Basically what a relational database lets you do is, if there is a key value that exists on two different sheets, like say, the name of the high school, you can take a value associated with that high school on one sheet, and also associate it with that name on the other sheet. So, let's say we had a table that had graduation rates by year for a bunch of different high schools that we got from the Board of Education, but we wanted to see what this information looked like on a map. The Board of Education graduation rate data didn't have coordinates for any of the schools recorded, so we couldn't do that with the information on the existing sheet. Next, we found a listing of coordinates for each of these high schools. But, not surprisingly, the table with the geographic information, didn't have graduation rates. With a relational database, the two tables can linked to each other with the name of the high school serving as a key, and the geographic information for say, Midtown High School can be brought into the table about its graduation rates each year.
This can be a very handy thing to know how to do when you are trying to unite data about the same person, place or other entity that you got from different sources.
In this instance, I have one sheet where I have the information about when each issue of Marvel Comics was published in 2001 and who worked on it: IssueInfo and another sheet where I have information on each title about what gender the superheroes in that title are: AllTitleHeroGender. Now if I didn't know about relational databases I could just go back and forth between one sheet and the other and cut and paste in the information, but it would take forever and I would inevitably make some mistakes.
Or we can use VLOOKUP (Vertical Lookup) and have a formula do the same thing at a much larger scale: look up the value we want to find on the AllTitleHeroGender sheet, and when it finds the row that value is in in the _Title Column, move over to the next column we want it to and return the value that is in the same row as the title we were looking for but in the _Title Protagonist(s) Gender column.
Whether you are trying to find out exactly what your data says for purposes of seeing what it says for your hypothesis or finding out what other questions it may answer, or whether you are at the stage where all of those questions are pretty answered and you just want to be able to have the right numbers to assign to your findings or tables to add to your paper or presentation, there are some quick ways you can make organized summaries in Sheets.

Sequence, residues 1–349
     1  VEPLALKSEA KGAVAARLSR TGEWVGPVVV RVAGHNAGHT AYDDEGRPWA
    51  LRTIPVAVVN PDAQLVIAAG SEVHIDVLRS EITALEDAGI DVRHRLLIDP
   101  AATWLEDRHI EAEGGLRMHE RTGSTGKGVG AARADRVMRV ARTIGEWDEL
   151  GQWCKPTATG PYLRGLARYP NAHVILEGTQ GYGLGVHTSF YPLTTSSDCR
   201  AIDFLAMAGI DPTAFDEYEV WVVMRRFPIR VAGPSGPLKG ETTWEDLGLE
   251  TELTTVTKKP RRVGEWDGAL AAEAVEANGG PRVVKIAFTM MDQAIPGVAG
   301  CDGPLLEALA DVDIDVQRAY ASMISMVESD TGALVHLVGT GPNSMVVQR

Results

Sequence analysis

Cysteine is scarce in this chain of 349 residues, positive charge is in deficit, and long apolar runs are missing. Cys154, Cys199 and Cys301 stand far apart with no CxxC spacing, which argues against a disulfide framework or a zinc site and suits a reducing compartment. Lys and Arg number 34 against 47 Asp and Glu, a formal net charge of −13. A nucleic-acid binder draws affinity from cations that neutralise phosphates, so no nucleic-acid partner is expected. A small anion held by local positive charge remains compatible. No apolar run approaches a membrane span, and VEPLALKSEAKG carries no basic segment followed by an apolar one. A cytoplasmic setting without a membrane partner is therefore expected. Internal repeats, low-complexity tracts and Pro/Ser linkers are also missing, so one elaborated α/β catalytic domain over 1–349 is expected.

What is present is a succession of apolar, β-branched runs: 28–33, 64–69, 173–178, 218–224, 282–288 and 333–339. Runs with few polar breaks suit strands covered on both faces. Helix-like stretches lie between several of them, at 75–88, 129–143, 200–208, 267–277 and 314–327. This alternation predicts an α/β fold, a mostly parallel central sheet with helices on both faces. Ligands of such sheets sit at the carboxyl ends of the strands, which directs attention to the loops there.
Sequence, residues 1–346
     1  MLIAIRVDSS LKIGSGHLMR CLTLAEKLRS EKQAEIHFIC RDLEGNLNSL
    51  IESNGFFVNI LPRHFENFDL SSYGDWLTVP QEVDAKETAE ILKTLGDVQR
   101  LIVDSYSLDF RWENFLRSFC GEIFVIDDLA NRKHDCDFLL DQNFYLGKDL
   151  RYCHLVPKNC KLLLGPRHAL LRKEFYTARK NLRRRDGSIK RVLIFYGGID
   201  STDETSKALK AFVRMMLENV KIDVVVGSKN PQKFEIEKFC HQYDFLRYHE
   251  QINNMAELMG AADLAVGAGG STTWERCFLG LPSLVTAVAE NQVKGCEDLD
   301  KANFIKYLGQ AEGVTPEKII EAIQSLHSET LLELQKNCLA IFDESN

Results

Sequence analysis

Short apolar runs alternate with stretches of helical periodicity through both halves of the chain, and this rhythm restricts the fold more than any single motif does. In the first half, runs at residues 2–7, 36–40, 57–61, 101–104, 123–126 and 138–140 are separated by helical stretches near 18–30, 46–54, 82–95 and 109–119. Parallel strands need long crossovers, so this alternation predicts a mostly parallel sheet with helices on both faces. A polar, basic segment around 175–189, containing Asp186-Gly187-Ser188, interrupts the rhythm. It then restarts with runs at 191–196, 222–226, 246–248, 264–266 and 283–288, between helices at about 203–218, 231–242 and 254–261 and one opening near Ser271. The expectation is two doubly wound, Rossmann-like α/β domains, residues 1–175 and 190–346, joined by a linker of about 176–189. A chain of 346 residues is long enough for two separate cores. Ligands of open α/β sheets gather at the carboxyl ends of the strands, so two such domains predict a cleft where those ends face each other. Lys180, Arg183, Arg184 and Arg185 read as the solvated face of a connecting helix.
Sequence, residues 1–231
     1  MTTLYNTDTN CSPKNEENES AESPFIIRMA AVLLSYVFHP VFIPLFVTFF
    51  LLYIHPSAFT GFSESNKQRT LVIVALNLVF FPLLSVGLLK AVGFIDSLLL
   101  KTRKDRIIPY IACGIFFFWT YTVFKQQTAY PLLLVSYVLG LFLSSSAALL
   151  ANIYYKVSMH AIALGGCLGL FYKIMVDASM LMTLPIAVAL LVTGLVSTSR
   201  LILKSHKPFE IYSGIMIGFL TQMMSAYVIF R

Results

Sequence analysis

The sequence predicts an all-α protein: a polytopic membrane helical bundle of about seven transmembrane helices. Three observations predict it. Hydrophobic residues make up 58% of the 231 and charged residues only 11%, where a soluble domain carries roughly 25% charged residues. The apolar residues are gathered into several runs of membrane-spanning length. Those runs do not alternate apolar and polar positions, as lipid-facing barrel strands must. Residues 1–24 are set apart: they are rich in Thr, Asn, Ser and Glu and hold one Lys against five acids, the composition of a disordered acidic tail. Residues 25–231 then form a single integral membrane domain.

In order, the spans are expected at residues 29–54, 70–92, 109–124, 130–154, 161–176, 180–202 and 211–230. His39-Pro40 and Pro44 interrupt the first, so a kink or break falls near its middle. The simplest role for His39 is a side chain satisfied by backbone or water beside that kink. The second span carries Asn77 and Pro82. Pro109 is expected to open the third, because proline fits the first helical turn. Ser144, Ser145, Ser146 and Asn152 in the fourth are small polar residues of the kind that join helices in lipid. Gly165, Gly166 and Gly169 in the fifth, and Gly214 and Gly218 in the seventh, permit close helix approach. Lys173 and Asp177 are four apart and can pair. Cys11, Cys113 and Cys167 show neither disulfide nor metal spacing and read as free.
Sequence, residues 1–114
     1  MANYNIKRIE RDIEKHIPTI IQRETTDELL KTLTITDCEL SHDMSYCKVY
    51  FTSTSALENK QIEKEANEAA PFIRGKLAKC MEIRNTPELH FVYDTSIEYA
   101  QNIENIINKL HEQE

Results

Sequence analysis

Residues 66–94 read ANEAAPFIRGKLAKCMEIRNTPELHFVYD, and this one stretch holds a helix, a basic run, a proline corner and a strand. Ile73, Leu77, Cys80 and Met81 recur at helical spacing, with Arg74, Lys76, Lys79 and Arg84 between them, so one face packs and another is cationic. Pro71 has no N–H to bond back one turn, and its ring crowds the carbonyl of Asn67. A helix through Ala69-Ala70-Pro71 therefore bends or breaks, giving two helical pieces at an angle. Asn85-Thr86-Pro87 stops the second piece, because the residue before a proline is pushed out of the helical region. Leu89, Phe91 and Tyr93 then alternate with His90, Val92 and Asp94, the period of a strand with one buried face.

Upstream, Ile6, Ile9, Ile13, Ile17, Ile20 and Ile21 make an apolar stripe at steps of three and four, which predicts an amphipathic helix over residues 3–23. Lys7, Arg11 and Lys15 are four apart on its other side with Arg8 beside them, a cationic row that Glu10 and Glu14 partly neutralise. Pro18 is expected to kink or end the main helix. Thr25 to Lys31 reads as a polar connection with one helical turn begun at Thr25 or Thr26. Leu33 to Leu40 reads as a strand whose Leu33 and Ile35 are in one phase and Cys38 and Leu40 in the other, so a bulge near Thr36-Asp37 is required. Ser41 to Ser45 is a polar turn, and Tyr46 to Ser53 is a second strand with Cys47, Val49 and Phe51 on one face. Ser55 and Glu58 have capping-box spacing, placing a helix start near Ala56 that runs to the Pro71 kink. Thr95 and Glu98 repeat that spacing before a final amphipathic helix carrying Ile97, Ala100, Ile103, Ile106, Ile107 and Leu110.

Column Stats will let you just create a quick chart or table giving you the information about what is in a column. Explore will let you create that kind of quick table, plus let you ask other questions and combine the information in multiple columns.
A Pivot Table is a function that a lot of spreadsheet programs have that lets you create a table to summarize the data you've accumulated into a bunch of smaller categories. You can use it to create sums or averages. It's a way to reorganize your data to make it clearer or to cross reference the contents of a few different columns.
Maybe you want to have a more flashy way to display your data than a table. If so, Google Sheets has a built in Charts function that can help you out. Just so you know, there are limits to how much customization you can do with these Charts, so if you're looking to do more, something like Tableau might be more your speed.
If you had any issues with following along with the formulas we've explored here or with creating the pivot tables or the chart, check out this finished form of the sheet I made by following these steps. If you aren't already logged into your Manhattan College Gmail account or another Gmail account, it will prompt you to do so. After you have logged in, a prompt will appear on the screen asking you if you want to make a copy of Marvel 2001_Lesson4_End Choose Make a Copy. You can look through this copy of the sheet to see what my version of this with all the formulas and the pivot table and chart looks like.
That's the end of this tutorial about how to use Google Sheets to clean, organize, summarize and eventually visualize your data. If there's anything that isn't covered that you want to know if you can do to your data in Sheets, please feel free to contact your instructor and me, your DAsH librarian. The contact information for me is on the side of the page.